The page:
This year the World Hearing Day theme is “To hear for life, listen with care”. the theme is mainly aimed at the prevention of hearing loss, but the actions and recommendations benefit us all.
To quote Hellen Keller
“Blindness separates people from things; deafness separates people from people.”
While she lived in times where hearing loss did prevent us from interacting with others on par with hearing people, despite advances in hearing care and technologies, her words still ring true. Our members use hearing aids and cochlear implants depending on the levels of their hearing loss and while this life-enhancing technology is allowing us to hear better, it does not replace hearing abilities we used to enjoy. Living with hearing loss requires major life changes and the need to adapt strategies in daily life.
In 2011, the French Hard of Hearing Association, Bucodes, conducted a survey among their members. More than 2500 responded to it. They were asked, among different questions, what caused them the biggest trauma in their lives:-
Losing their job;
Death of close relative; or
Experiencing hearing loss.
¾ responded choosing hearing loss as the most traumatic experience. In addition, the majority of those who picked the response was between 18-50 years old, suggesting hearing loss when it occurs during active, working life is the main cause of trauma.
In the same sample, 40% of respondents had mild to moderate hearing loss and responded by putting hearing loss as No1 distressing experience.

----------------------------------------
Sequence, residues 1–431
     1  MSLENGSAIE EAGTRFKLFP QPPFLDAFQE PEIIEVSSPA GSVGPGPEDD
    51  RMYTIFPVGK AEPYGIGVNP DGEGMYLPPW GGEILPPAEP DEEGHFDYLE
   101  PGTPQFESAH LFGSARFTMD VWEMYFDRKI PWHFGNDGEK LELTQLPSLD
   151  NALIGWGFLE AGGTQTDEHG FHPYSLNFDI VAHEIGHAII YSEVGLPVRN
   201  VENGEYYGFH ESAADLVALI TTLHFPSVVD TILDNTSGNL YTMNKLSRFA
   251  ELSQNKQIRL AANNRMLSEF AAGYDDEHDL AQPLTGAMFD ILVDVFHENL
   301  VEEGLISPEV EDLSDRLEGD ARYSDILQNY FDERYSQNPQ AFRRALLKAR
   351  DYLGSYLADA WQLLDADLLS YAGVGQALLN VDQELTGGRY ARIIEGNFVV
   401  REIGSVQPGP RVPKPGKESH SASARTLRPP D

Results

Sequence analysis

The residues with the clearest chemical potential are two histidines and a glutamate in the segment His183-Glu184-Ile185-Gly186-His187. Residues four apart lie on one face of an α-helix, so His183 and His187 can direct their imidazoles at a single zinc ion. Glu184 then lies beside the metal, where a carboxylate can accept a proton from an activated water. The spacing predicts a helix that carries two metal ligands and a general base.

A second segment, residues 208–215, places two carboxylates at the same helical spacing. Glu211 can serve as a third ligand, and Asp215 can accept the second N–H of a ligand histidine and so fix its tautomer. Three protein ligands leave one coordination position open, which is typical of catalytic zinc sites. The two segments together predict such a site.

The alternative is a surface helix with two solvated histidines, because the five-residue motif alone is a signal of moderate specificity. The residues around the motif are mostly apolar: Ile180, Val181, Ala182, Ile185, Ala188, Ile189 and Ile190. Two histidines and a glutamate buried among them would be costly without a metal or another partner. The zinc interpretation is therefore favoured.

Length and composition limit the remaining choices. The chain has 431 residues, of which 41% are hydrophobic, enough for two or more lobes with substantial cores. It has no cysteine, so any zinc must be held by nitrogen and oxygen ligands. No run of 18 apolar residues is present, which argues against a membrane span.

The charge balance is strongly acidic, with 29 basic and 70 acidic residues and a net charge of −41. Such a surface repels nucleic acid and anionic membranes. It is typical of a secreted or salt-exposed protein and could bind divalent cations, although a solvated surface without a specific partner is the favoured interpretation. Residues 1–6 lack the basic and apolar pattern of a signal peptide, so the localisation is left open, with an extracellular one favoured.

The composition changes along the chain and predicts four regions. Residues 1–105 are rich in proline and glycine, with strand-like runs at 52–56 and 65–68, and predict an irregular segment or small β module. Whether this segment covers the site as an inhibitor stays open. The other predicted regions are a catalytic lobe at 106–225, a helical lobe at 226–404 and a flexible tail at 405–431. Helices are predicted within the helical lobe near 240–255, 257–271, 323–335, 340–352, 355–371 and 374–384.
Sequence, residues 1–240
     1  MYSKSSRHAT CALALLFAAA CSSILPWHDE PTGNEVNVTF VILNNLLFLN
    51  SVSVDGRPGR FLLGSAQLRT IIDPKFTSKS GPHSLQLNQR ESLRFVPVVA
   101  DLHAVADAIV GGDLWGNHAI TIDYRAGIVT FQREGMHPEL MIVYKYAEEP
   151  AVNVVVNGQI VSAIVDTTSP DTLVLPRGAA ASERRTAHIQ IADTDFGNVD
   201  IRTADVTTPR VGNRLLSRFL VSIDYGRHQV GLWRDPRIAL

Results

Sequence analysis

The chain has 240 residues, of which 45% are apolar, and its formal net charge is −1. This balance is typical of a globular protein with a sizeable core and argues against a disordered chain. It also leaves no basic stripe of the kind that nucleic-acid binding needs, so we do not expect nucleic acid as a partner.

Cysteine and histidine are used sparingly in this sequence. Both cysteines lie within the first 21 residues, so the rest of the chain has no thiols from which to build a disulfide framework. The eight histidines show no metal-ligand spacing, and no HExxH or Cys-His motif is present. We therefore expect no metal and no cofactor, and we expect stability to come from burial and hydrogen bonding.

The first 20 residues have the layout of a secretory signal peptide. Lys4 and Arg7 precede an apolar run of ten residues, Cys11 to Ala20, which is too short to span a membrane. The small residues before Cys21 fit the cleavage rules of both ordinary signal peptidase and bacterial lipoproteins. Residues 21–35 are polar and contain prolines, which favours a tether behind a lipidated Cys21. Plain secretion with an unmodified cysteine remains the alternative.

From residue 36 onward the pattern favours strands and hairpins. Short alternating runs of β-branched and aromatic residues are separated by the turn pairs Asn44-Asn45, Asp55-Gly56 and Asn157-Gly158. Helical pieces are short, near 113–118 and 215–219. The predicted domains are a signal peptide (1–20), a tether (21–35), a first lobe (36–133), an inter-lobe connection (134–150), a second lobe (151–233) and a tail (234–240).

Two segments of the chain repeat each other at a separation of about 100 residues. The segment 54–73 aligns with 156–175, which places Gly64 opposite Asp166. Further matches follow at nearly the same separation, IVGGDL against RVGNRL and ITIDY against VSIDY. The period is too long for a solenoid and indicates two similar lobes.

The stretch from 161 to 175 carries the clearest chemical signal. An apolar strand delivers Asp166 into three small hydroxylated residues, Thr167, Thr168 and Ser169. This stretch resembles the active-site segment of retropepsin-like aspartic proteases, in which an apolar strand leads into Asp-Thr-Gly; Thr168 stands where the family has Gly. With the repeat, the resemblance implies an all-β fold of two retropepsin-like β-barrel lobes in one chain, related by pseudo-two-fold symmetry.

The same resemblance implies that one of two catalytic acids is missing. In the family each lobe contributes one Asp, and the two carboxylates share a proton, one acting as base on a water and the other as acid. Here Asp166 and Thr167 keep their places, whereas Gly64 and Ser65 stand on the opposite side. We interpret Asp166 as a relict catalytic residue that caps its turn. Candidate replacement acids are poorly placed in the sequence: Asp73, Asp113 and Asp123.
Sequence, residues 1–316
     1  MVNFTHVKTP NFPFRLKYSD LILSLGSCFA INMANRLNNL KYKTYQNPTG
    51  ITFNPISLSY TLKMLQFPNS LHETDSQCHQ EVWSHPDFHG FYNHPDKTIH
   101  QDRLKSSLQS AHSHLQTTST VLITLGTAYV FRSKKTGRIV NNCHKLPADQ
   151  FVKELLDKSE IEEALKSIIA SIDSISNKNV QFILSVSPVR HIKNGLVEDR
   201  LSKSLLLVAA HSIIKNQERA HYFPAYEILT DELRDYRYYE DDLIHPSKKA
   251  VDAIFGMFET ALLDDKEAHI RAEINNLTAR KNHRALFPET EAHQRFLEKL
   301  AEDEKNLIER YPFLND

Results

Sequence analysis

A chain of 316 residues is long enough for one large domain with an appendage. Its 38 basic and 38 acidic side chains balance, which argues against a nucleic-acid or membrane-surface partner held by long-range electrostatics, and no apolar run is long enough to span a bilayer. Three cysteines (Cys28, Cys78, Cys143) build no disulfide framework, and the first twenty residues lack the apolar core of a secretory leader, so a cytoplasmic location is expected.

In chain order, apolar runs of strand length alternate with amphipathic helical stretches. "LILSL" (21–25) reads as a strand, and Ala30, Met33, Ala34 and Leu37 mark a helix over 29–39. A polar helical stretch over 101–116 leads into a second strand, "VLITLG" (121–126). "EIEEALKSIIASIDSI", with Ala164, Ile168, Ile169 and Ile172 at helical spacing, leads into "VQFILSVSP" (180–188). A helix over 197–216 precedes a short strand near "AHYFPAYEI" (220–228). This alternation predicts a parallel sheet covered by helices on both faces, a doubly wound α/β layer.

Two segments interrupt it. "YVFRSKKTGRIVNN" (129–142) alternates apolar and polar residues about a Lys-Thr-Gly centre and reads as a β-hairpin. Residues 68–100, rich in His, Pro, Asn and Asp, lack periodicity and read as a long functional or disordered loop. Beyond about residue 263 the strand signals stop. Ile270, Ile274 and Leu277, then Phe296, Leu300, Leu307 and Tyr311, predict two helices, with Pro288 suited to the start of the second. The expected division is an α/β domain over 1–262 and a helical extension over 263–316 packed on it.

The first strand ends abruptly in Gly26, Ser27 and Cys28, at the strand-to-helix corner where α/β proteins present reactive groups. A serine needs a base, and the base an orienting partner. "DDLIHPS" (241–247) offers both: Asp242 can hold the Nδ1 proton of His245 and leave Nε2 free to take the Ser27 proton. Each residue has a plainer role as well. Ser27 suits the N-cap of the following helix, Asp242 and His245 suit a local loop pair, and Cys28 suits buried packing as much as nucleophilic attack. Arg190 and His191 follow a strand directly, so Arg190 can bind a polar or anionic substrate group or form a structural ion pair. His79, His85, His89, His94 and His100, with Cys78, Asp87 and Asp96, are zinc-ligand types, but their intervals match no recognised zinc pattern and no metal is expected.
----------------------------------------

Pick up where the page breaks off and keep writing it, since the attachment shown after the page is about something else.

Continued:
Those who have experienced hearing loss in adult life, know what it is like to face daily communication issues due to us no longer hearing well. Therefore, it is our duty to bear witness and warn of the harmful practices which is what the listening campaign is all about. There are many reasons why people experience hearing loss, some are entirely out of their control but there is one thing that we can control, our habits, which can be harmful, such as listening to loud music over prolonged time, resulting in many cases in hearing damage. And like with the Eggs analogy, once the egg is cracked, you cannot turn the clock back, it is the same with hearing loss. Once the damage occurs, you cannot bring back the ability to hear as before.
Whilst the launch of WHO Global Standard for Safe Listening Entertainment Venues is aimed at preventing hearing loss due to unsafe levels of noise, it is also important for hard of hearing and deafened people who often struggle with conversations in noisy environments; designating quiet places allows us to feel more confident to enter the venues. The recent study on noisy restaurants and recommendations for safe listening also benefit us, by helping make restaurants less noisy places.
We need more awareness of the harmful noise exposure, life is very noisy indeed and any actions to reduce that noise are actions that will benefit us all. This is why NADP supports WHD2022. More information on how we will be supporting this event will be shown on our website and in our emails to those of you who have signed up for them.